(Filed 8 May, 1929.)
Negligence A d — In this case held: injury from act could not be foreseen and nonsuit was proper.
Evidence tending to show that the defendant while endeavoring to get his family automobile from the garage on ground covered with ice and snow, had planks placed under the wheels of the machine which were thrown, by the spinning of the wheels, against the plaintiff, his wife, as she stood watching him about fifteen feet from the rear of the car, causing her serious injury: Held, injury from the act could not have been foreseen by the defendant as an ordinarily prudent man, but would have required omniscience, and the defendant is not liable in damages, and a judgment as of nonsuit should have been granted on his motion.
CIVIL ACTION, before Clement, J., at February Term, 1929, of GUILFORD.
Shuping Hampton for plaintiff.
Brooks, Parker, Smith Wharton for defendant.
CLARKSON, J., dissenting.
Plaintiff and defendant are husband and wife, and were at the time of the injury complained of and are now living together in the city of Greensboro.
The evidence tended to show that the defendant owned a Chrysler automobile for the use of himself and family, and that said automobile was placed in a garage at night at the home of plaintiff and defendant. On the morning of 10 January, 1927, a heavy snow was upon the ground. Plaintiff went to the garage and attempted to get the automobile out to the street in order to take the children to school. She was unable to do so, and thereupon the defendant got into the car and attempted to get it out to the street.
Plaintiff's narrative of the occurrence is as follows: "The snow was deep. He tried to back it out and couldn't back it, and he kept running the motor until the car just kept starting and slipping until it turned around, and then he tried to pull it out and the wheels kept sliding. I was out in the yard seeing how it was going to be done. Our cook was out there and she placed a little plank under one wheel. That seemed to help some. Then he told her to get some long planks and put under the wheels, and when she did the car ran over those two long pieces. . . . And when the wheels ran over those planks, instead of going right on off, they spun to the left and the left rear wheel threw the plank back and struck me on the right leg. . . . The plank that struck my right leg was at least four feet long and about seven or eight inches in width and possibly an inch or three-quarters of an inch thick. . . . The car was on the driveway at the time the boards were placed under it. I was standing, I suppose, from the car, ten or fifteen feet. . . . The motor of the automobile was running, and when it ran off the plank it began spinning, and when it struck the snow it consequently threw the plank. The motor of the car was running, it seemed, with all force from the sound of it. I was standing to the left rear of the car."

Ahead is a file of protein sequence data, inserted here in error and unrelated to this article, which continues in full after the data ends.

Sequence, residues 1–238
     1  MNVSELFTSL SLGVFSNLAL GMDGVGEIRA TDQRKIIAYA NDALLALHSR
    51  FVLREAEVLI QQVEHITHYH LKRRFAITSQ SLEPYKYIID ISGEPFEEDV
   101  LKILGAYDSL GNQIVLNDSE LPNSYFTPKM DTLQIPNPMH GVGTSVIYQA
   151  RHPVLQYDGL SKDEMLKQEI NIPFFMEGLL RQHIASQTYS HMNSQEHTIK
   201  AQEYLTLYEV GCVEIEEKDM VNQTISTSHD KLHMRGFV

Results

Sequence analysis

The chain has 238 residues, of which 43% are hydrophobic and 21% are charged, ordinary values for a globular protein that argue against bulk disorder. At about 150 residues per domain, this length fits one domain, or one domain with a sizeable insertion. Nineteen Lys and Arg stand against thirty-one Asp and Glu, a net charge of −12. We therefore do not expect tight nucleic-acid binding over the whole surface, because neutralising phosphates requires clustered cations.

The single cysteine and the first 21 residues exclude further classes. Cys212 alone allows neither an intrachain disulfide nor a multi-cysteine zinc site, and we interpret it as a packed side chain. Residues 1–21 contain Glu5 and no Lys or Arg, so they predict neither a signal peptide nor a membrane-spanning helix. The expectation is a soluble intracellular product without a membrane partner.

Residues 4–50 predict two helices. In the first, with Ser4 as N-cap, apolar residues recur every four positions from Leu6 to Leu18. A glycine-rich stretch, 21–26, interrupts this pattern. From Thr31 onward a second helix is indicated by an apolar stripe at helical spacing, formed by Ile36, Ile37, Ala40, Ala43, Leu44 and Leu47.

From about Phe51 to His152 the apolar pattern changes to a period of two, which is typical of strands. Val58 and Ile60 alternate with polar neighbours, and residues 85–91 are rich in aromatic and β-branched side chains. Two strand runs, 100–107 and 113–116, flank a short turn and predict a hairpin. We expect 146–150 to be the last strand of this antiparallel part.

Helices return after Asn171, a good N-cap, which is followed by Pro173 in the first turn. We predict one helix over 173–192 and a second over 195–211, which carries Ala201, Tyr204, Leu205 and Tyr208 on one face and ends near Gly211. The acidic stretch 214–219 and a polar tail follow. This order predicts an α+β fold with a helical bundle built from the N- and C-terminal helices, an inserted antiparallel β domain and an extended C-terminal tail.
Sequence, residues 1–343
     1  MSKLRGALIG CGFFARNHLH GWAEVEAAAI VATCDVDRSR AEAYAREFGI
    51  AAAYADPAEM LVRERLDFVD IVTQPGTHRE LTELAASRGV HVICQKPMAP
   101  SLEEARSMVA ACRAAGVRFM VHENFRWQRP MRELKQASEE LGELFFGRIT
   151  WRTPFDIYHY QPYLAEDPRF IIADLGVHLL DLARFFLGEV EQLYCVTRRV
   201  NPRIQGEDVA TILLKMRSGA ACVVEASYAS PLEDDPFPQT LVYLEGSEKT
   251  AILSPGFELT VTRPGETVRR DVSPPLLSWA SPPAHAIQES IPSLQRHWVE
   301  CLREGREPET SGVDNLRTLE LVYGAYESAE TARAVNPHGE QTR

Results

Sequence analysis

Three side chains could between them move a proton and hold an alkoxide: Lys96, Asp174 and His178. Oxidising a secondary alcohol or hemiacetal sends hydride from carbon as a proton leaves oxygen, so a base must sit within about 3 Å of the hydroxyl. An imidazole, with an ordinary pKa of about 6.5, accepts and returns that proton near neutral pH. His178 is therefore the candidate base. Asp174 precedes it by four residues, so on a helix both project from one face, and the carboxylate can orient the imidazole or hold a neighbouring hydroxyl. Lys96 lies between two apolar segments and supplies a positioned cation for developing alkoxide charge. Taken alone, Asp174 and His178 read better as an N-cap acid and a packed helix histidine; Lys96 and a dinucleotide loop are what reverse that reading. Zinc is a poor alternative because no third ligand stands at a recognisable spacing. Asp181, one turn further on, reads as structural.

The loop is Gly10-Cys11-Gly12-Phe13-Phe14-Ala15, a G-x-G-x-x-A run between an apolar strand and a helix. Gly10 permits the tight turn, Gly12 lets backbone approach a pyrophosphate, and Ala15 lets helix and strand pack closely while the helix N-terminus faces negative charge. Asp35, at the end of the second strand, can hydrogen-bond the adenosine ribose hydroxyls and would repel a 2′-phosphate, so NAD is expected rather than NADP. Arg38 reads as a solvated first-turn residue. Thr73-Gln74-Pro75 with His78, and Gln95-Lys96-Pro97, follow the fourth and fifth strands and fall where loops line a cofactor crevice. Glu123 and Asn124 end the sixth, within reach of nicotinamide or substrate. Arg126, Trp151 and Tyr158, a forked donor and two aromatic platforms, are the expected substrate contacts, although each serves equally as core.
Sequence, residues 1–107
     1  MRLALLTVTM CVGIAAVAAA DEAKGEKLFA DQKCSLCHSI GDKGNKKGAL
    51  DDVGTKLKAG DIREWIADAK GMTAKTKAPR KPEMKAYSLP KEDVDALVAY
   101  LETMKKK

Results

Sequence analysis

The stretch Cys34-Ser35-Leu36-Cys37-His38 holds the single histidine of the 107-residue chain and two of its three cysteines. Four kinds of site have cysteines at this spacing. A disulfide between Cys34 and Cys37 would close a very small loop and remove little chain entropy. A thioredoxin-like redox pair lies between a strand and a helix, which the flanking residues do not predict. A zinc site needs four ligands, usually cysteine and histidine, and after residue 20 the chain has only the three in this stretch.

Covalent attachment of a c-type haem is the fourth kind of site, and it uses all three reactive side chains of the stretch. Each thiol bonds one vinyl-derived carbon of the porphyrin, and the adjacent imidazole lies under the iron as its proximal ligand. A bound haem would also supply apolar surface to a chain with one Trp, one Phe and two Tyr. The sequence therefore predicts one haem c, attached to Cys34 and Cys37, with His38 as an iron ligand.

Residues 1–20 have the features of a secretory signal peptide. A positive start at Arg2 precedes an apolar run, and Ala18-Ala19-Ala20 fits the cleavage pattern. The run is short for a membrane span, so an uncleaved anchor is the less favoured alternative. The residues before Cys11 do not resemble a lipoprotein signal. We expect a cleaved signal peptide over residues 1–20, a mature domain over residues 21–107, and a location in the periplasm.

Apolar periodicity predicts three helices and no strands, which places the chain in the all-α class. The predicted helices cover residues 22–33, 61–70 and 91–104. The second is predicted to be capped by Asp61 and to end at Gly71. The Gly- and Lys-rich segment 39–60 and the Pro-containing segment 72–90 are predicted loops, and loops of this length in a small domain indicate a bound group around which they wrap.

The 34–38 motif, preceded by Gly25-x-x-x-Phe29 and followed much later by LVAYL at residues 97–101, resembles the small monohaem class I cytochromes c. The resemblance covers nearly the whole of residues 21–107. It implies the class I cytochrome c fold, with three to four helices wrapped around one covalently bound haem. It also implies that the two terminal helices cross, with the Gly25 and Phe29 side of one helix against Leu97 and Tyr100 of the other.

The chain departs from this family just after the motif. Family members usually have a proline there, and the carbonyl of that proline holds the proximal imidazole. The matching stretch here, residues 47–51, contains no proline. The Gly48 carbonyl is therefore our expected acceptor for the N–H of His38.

The plaintiff sustained painful and permanent injury.
The defendant offered no evidence, and the foregoing evidence of the plaintiff is substantially all of the evidence in the case except the testimony of physicians as to the extent of the injury sustained.
Issues of negligence, contributory negligence, and damages were submitted to the jury and answered in favor of plaintiff. The verdict awarded damages in the sum of $2,030.00. The defendant duly lodged motions of nonsuit, and also requested the court to give certain instructions to the jury.
From judgment upon the verdict the defendant appealed.
The facts are brief and simple. The ground was covered with a heavy snow, and therefore soft and slick. The defendant was not endeavoring to operate the automobile under dangerous conditions, but merely to get his own automobile out of a garage on his own premises. It was suggested upon the oral argument that the defendant should have placed chains upon the automobile before attempting to get it out of the garage, or to have given notice to his wife, the plaintiff, that the wheels were likely to spin. It was also suggested that the defendant was racing the motor. It does not appear that racing the motor caused the wheels to spin. Ostensibly the spinning resulted from contact with a soft, slick surface. These suggestions all lie in the field of speculation. Under the circumstances disclosed by the record the liability of defendant depended upon whether, by the exercise of ordinary care and prudence, he could have reasonably foreseen that some injury would result from attempting to get the automobile out of the garage. The principle of law is thus expressed in Fore v. Geary, 191 N.C. 90, 131 S.E. 387: "No man, by the exercise of reasonable care, however high and rigid the standard of such care, upon the facts in any particular case, can foresee or forestall the inevitable accidents, and contingencies which happen and occur daily, some bringing sorrow and loss, and some bringing joy and profit, all however contributing, in part, to make up the sum total of human life. The law holds men liable only for the consequences of their acts, which they can and should foresee and by reasonable care and prudence, provide for."
The plaintiff testified that the first plank used by the defendant "seemed to help some." Thereupon the defendant directed a servant to place two longer planks between the front and rear wheels. The automobile moved over these planks and as it rolled off upon the slick surface the wheel suddenly began to spin, thus kicking one of the planks backward and inflicting the unfortunate injury upon the plaintiff.
In our opinion the evidence does not disclose any negligence upon the part of the defendant. Under the circumstances of the case to require the defendant to foresee that the plank would be kicked backward and injure his wife would practically stretch foresight into omniscience. The law does not require omniscience. The motion for nonsuit should have been allowed.